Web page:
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Lower Manhattan neighborhoods—a decade after the 9/11 terrorist attacks—have been able to spring back faster than what was imagined at the time of the devastation. Government grants and incentives to attract people to move into the area have played a big role in this recovery.

For Courtney Jesinkey and Dave Barnett, a couple who are in their early 30s, the desire to feel a sense of community brought them to Tribeca. In mid-July, they moved into what is now the tallest residential building on the East Coast, the 76-story Frank Gehry building on Beekman and Spruce streets. The couple felt secluded and out of touch with social activities in their Upper Westside neighborhood.

“People are a different breed [in this neighborhood] than what I have experienced in my 12-plus years in the city. From restaurants to bars, customer service to people on the street, there is just a positive atmosphere and a more relaxed state than the normal and expected pace of New York City,” said Barnett.

Longtime resident, actor Robert DeNiro, founded of The Tribeca Film Festival, with Jane Rosenthal and Craig Hatkoff in 2002, with a mission in mind. It was to help renew and rebuild the economy of Lower Manhattan through film, culture and music in the wake of the Sept. 11, 2001 attacks that claimed the lives of nearly 3,000 people. Ceremonies to honor the victims marked the 10th anniversary of the World Trade Center attacks.

Organizers of the film festival wanted the event to bring to the area the cachet otherwise reserved for Hollywood. During the first year of the Tribeca Film Festival, there were only two movies shown. But since then the list has grown, and as of April 2011, there were 185 movies shown. The festival also expanded to five locations beyond the neighborhoods borders.

Jesinkey, a new Tribeca resident, said, “Early on, my entire New York City life was spent in Alphabet City. I swore I would never move above 14th Street.” But after she met Barnett, she moved to the Upper Westside.

“As much as we loved the surrounding area, it was not a good fit for us. We longed for a neighborhood that felt less suburban and more ‘city.’ This neighborhood is a perfect mix of both,” Jesinkey said. “This area offers a genuine sense of charm, confidence and pride that I never knew existed.”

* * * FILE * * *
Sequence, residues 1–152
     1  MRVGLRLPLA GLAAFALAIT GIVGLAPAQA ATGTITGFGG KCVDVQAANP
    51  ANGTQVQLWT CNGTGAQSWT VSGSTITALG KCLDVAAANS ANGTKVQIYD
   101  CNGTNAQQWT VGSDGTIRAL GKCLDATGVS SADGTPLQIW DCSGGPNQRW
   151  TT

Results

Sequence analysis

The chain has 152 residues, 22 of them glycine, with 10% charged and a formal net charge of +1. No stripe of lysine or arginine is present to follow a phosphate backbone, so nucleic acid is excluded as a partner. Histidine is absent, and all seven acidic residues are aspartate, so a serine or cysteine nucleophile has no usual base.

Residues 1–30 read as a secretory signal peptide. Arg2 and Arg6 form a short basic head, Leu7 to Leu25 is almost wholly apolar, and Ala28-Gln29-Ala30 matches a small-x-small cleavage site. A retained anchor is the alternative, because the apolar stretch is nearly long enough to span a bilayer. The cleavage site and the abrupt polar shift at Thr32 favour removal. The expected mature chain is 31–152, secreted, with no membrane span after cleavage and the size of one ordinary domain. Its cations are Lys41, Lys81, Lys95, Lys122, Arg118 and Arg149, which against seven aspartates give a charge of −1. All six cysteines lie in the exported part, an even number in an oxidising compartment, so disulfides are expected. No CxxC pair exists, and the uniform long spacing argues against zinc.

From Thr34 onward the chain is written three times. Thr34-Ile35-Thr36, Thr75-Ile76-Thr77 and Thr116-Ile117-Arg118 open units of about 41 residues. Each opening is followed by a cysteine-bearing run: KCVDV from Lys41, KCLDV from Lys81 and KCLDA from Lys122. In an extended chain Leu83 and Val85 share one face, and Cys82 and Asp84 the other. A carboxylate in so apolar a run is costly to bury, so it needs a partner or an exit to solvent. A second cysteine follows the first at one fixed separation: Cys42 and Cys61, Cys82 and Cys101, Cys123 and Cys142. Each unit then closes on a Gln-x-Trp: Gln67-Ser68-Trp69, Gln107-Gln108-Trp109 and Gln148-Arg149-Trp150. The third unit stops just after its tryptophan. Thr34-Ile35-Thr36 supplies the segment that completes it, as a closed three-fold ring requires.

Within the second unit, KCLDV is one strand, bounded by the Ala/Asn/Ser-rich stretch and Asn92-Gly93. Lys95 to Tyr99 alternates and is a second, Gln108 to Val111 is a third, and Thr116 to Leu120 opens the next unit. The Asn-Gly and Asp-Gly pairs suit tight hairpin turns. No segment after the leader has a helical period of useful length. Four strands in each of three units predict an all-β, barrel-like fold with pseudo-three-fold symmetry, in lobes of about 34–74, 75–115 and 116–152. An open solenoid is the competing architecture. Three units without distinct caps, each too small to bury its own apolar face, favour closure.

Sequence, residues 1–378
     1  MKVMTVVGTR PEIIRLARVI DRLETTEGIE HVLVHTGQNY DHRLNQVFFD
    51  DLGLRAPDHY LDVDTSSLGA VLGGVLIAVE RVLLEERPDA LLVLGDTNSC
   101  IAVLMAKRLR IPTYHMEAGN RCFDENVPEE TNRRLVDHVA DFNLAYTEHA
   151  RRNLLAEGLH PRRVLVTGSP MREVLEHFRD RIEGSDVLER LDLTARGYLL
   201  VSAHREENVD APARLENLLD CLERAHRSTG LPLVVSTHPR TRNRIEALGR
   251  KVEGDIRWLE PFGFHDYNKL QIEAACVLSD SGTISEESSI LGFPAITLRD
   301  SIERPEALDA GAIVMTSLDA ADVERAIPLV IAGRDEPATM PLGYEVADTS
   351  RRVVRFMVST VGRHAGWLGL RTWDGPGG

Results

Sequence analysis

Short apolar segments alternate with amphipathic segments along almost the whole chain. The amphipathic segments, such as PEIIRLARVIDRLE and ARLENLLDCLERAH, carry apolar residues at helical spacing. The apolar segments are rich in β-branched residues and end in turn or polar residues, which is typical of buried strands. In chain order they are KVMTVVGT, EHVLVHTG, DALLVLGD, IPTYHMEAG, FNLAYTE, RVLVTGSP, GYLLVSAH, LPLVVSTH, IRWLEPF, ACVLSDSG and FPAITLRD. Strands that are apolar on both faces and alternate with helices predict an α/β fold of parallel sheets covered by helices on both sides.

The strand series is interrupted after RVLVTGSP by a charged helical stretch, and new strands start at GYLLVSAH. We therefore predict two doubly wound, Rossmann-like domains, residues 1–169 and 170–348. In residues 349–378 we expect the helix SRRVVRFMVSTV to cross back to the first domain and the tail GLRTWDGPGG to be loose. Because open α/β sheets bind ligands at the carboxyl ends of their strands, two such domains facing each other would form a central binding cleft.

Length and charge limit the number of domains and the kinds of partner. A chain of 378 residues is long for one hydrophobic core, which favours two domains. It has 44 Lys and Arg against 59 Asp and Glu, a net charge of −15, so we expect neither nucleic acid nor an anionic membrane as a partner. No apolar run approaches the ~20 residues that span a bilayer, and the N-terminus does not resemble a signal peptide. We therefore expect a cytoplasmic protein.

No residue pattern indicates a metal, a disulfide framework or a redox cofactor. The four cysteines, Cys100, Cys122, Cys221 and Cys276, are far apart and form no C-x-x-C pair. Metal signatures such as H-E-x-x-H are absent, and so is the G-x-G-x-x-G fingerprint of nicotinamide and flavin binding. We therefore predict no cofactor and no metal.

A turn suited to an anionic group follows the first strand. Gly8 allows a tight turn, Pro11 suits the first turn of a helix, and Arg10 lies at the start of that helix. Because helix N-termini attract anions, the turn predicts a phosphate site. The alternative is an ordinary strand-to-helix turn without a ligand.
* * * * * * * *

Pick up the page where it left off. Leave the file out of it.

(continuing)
But some people who were residents of Tribeca at the time of the attacks are wary about the location.

Ivana Kaufman said she stayed and bought a loft, with her husband and two children, because she was offered a price below market value. She said the memory of devastation from the attacks is never far from her mind, especially when she thinks about health-related issues that might stem from the attacks. Kaufman said her long exposure to the area could lead to health problems that haven’t surfaced yet. The family has lived in the same building for more than nine years.

The infusion of millions of dollars in federal funding has helped draw people to Lower Manhattan, fueling a surge in population. City statistics that group Tribeca, Soho, Civic Center and Little Italy for the count show a 16 percent in population to 42,742 last year from 36,757 in 2000. The neighborhood elementary school, Independence P.S. 234, has a waiting list of students and has had to rezone its boundaries.

The neighborhood offers seven nearby dog parks and bike trails on both the East and West sides of Tribeca, the bustling Whole Foods Store that shines in the center below a massive always-crowded Barnes and Noble store, are signs of a community that has recovered. As early as 2006, Forbes Magazine ranked Tribeca as the city’s the most expensive neighborhood.

Businesses are thriving. The owners are finding themselves having to keep up with the demand for new products that didn’t have a space on the shelves before the attacks. They are seeing new businesses that didn’t exist years ago. There is a Tracey Anderson Method Studio, which has been known to cater to Gwyneth Paltrow, Madonna and Nicole Richie. High-end loft apartments have celebrity residents who are actors and entertainers, including Jay-Z and Beyonce.

During the dark days after the attacks, businesses all across Greenwich Street pitched in by opening their doors in the evening to the local residents so they could have a meal at night—for free. Now, the owner of Gee Whiz, Chris Panayiotou, said he is amazed at how drastically the area changed.

Rachel Baker, a resident of Tribeca who left the area after the 9/11 attacks, remembers how the acts of terrorism forced her to evacuate her building for 11 days. “I was so angered by the circus of tourists and reporters who came to the area to climb lampposts to take pictures of the ever- smoldering buildings.” Her mother decided to stay in the same apartment.

“You think to yourself, it can happen anywhere, at any time. We stayed [her mother and grandmother],” said Baker, who added that when she goes back to visit her mother, she is surprised to see how different the community is now. “When I look at the community, in the shape it’s in today, it’s as if 9/11 never happened.”

Baker said although she has moved out of the area, she has been left with an upper respiratory condition for the rest of her life.

The city has continued to work hard to build the downtown community both structurally as well as emotionally, and is dealing with concerns the Tribeca neighborhood has about health issues. According to the 2010 Annual Report on 9/11 Health well-documented studies have tracked a variety of respiratory problems with people who have lived and worked in the area during the past 10 years.

Barnett, who lives in the Gehry building, concluded, “9/11 will always be on my mind. What the area does is continue to remind me to never forget what happened and live every day of your life to the fullest. I should hope every New Yorker feels the same, living downtown, or not.”

Source: neighborhoodbeatbox